Glen of Imaal Terrier
Hardy, alert, intelligent, feisty, independent... These are just a few of the words that describe the Glen of Imaal Terrier. Compared to most terriers, this breed is less excitable, but still confident, energetic, and ready for hard work. On top of all that, the Glen of Imaal Terrier makes an affectionate, loyal family dog, to boot.
Glen of Imaal Terrier Traits
The Glen of Imaal Terrier is a scruffy yet cute dog that sports a solid, rectangular body and very short legs.
Coat and Coloring
The Glen of Imaal Terrier has a medium-length, harsh coat that comes in a range of colors. It can be shades of wheaten (sandy to red wheaten), blue (gray), or brindle (shades of gray with tan or other color stripes).
Distinctive Physical Traits
Notable traits of the Glen are its broad head with ears that fold over, bowed front legs, and harsh, wiry coat.
Glen of Imaal Terrier Temperament
The Glen of Imaal Terrier is an intelligent, high-spirited breed. These calm, gentle dogs are loyal and affectionate toward their families. They don't do well left alone for long periods. Glens want to be a part of all family fun—not left alone in the backyard.
Glens are playful, amusing to watch, and good with children. But they can be unpredictable with other pets and might not get along well with other dogs. Compared to other terriers, they don't bark much.
Behaviors to watch out for are chasing wildlife and digging. Because of their working dog backgrounds, Glen of Imaal Terriers can be challenging to distract once they're engaged in an activity.
Glen of Imaal Terrier History
The Glen of Imaal Terrier originated in County Wicklow, Ireland in the 1600s. Around this time, Queen Elizabeth bequeathed land in Wicklow to Flemish and Lowland soldiers who helped defeat an Irish rebellion.
These soldiers brought Flemish hounds with them when they settled in the new territory. Experts theorize these Flemish dogs then bred with local hounds and terriers, yielding the Glen of Imaal Terrier. Wicklow's mountainous terrain—where the dogs hunted fox and baited badgers— allowed the breed to develop and evolve separately from the standard Irish Terrier.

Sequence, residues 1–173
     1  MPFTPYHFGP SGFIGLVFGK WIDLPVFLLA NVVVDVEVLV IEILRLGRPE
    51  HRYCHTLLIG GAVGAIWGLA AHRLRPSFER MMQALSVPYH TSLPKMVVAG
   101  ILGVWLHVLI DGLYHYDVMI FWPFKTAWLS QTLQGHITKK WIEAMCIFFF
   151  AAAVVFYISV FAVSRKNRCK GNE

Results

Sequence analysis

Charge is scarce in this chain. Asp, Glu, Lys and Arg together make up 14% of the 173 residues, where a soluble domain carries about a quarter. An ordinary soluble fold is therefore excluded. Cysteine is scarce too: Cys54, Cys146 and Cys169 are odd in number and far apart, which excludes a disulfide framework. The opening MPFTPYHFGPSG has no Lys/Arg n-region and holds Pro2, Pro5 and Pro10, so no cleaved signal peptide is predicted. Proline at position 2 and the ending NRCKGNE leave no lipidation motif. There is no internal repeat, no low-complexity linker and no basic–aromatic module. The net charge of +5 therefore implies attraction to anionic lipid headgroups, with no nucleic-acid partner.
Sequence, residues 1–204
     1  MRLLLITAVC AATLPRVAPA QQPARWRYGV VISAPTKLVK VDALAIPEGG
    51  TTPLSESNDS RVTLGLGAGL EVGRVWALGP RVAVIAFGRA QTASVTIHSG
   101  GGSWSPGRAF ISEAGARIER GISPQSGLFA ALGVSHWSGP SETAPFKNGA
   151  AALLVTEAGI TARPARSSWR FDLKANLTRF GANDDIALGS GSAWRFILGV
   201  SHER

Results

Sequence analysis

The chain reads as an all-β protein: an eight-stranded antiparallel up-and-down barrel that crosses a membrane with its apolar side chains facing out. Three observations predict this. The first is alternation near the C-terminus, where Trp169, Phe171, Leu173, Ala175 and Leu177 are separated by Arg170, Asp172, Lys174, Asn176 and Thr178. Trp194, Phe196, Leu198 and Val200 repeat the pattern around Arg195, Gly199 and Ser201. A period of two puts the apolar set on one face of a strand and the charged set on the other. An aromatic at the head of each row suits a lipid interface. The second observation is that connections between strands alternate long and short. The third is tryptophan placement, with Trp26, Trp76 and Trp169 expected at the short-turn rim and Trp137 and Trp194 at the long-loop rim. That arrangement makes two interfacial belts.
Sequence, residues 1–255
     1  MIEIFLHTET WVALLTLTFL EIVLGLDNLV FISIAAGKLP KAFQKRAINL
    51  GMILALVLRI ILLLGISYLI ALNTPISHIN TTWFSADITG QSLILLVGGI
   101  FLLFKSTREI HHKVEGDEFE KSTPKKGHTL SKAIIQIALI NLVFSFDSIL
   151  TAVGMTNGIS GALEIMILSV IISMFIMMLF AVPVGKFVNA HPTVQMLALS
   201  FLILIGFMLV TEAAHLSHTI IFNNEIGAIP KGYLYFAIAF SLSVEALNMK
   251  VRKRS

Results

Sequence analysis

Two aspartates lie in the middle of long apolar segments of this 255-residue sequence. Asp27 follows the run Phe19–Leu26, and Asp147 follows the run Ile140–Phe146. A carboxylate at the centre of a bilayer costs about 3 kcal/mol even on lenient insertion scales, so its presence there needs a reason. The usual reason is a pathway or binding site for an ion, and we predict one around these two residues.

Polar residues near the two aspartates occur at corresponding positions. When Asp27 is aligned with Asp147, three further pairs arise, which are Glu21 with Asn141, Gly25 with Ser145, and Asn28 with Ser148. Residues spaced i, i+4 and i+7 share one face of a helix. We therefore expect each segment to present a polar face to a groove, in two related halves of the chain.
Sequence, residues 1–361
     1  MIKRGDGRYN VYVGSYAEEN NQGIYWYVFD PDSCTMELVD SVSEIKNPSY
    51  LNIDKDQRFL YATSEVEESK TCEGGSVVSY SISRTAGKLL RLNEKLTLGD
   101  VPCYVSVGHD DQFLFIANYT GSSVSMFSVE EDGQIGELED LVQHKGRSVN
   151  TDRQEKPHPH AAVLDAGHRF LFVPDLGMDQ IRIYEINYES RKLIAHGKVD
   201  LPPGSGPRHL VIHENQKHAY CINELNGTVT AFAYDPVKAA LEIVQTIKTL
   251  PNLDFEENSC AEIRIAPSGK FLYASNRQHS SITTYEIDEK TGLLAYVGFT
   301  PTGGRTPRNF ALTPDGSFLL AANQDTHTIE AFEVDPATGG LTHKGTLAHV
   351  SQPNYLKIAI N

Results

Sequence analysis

Interestingly, Glen of Imaal Terriers sometimes worked in kitchens. They ran in hamster-wheel contraptions that turned meat over an open fire. This job earned the breed the nickname "Turnspit Dogs."
The breed almost died out before being revived in the early 20th century by breeders in its homeland. Glen of Imaal Terriers received full recognition by the Irish Kennel Club in 1934 and the Kennel Club of England in 1975.
Glen of Imaal Terrier Care
Glen of Imaal Terriers require a high-quality dog food that is age-appropriate. Be sure to monitor the amount of food you give your Glen and reduce the portions if they gain weight. Also, remember that giving too many treats in addition to regular meals can contribute to obesity.
This breed needs moderate weekly brushing to prevent the soft hair around the ears, neck, legs, and belly from matting. The Glen of Imaal Terrier's coat also requires stripping two or three times a year. Do both of these things, and your pup will shed very little as a result.
To round out the grooming routine, trim your Glen's nails regularly and check ears weekly for debris or excess wax buildup.
The Glen of Imaal Terrier needs a fair amount of moderate exercise. They love spending time with the family, so consider taking a walk together or having playtime in the backyard. Glens also like participating in dog sports—such as earthdog trials, agility, tracking, and obedience.
Early socialization and puppy training classes will help Glens grow into well-mannered, well-adjusted adult dogs.
The Terrier Group ancestors were bred to hunt and kill vermin. They are often characterized as feisty and energetic dogs whose sizes range from fairly small to much larger.
Reviewed July 26, 2020 by Laura Inman, DVM